Oh Sega… you were such cunning marketers in the early 1990’s.
We all love the Sega Scream campaign and Sonic’s extra ounce of attitude that, in our minds, gave him the advantage over Mario.
However, once Sega attempted to move faster with their technology in order to stay a step or two ahead of their competition, some of the advertisements tended to exaggerate reality a bit more than normal. Take a look at this ad I pulled out of one of my old magazines (see text below)…
What are the technical advantages of Sega CD?
Basically, it offers massive storage. which means we can now use real video action. A 16-bit cartridge could only hold a few seconds of motion video. But the CD holds over 500 megabytes, so you can now play for hours, interacting with real video.
So the games will be more realistic?
Yeah, way more realistic. We have a second processor and a special graphics chip, so our zooming, scaling, and rotation is incredible. And we use a lot of real-life video you can actually interact with. Characters will speak to you and harass you.
What do you mean “interact”?
For example, there’s a game called “Night Trap:— that uses all real-life footage with real actors. and you control the action. You have to rescue girls from a house full of ghouls by operating a surveillance system, and trapping them in different rooms. It’s like controlling the plot and the action of a real movie, from start to finish. It’s pretty wild.
Do you have a personal favorite CD game?
Yeah. I like the INXS music video game, where you can re-edit their videos with different special effects and graphics. The sound on all the CD’s is pretty amazing; it’s just as good as an audio component. Plus we’re using a lot of original music. When you hook it up to your sound system, it’s like playing in a whole new realm. It’s really amazing. You forget where you are.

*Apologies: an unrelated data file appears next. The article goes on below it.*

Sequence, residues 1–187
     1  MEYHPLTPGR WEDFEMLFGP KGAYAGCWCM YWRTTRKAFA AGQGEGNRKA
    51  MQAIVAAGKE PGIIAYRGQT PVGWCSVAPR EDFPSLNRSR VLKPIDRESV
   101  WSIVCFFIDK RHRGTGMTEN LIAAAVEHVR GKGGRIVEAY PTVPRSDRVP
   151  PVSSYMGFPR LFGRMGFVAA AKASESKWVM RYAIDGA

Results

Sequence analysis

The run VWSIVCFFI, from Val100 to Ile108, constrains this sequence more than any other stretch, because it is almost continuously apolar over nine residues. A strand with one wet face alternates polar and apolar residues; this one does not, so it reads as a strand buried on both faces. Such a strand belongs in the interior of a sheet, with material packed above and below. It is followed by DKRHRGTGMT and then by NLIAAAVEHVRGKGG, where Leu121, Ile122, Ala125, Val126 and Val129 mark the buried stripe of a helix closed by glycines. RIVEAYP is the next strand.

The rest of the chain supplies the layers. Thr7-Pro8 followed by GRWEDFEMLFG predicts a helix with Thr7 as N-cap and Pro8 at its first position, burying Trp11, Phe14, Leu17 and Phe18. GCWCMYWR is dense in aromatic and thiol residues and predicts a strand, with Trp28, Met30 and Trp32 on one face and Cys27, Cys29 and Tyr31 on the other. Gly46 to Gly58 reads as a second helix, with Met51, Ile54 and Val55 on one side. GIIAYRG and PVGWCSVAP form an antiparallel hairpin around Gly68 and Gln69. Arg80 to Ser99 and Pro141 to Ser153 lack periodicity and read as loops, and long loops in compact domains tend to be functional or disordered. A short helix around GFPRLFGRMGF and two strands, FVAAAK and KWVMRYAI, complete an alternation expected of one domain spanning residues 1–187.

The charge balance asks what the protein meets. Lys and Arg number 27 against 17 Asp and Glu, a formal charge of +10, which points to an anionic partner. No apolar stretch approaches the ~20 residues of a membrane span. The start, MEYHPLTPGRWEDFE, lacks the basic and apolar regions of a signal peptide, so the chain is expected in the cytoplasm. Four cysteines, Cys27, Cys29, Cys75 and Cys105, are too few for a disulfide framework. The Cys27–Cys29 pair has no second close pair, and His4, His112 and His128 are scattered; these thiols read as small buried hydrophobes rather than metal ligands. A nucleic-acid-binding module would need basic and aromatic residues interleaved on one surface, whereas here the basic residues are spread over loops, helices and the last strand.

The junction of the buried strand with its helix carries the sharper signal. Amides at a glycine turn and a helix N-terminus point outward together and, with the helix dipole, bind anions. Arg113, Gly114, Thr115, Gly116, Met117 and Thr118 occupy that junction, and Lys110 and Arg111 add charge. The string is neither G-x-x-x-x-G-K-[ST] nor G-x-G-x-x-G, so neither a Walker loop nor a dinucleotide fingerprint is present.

Looking back, it’s easy to see how all these statements were blown out of proportion. I mean, we still don’t have many games that really live up to that kind of hype a decade later. While the Full-Motion Video was a rather cool gimmick at the time and I was rather blow away by the audio in some games like Sonic CD, I don’t think I was that excited.
I personally enjoyed the Sega CD a great deal (and still do), but of course, I didn’t spend a couple hundred dollars on it. It’s easy to understand how Sega fans quickly turned away from the company after it hyped up these add-ons without a great deal of follow-up. This particular advertisement is just one of the many mega-hype pieces that Sega put together. If you’d like to see some game specific ads filled with hype, take a look at the Make My Video and Sewer Shark ads.
Do you have any other great Sega CD ads you’d like to share? Feel free to post links in the comments section below in addition to sharing your thoughts on the Sega Hype machine of the mid 1990’s.